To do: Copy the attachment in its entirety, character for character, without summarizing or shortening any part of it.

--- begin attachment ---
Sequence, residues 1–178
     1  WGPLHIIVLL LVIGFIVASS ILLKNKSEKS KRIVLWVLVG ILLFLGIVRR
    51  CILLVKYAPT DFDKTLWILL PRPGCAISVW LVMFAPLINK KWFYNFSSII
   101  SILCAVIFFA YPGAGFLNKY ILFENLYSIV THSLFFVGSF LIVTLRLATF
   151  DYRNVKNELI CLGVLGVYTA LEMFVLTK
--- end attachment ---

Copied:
Sequence, residues 1–178
     1  WGPLHIIVLL LVIGFIVASS ILLKNKSEKS KRIVLWVLVG ILLFLGIVRR
    51  CILLVKYAPT DFDKTLWILL PRPGCAISVW LVMFAPLINK KWFYNFSSII
   101  SILCAVIFFA YPGAGFLNKY ILFENLYSIV THSLFFVGSF LIVTLRLATF
   151  DYRNVKNELI CLGVLGVYTA LEMFVLTK